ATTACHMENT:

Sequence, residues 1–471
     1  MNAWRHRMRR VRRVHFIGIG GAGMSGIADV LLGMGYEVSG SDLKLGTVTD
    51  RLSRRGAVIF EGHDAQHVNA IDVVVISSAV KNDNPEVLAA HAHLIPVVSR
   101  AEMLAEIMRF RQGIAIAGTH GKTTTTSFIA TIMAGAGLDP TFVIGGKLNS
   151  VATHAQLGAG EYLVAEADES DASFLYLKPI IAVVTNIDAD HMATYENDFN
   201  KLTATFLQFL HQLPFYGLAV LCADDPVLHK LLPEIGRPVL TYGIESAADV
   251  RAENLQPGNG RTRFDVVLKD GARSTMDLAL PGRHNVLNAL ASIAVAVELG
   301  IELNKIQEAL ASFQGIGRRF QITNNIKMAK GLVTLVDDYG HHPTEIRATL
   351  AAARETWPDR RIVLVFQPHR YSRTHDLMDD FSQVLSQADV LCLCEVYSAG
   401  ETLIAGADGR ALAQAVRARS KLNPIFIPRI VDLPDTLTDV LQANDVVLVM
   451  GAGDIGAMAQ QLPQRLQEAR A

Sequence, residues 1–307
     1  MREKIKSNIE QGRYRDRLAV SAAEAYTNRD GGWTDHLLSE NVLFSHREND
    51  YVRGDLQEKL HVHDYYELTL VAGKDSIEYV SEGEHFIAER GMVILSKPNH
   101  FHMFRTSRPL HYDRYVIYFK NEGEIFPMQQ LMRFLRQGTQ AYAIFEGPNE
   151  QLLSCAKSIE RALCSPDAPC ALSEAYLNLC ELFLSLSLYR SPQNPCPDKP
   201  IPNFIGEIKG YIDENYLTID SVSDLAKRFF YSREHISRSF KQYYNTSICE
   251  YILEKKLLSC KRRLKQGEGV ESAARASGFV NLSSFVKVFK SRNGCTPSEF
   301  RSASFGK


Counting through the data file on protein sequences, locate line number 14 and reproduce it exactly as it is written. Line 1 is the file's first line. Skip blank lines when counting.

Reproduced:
    51  YVRGDLQEKL HVHDYYELTL VAGKDSIEYV SEGEHFIAER GMVILSKPNH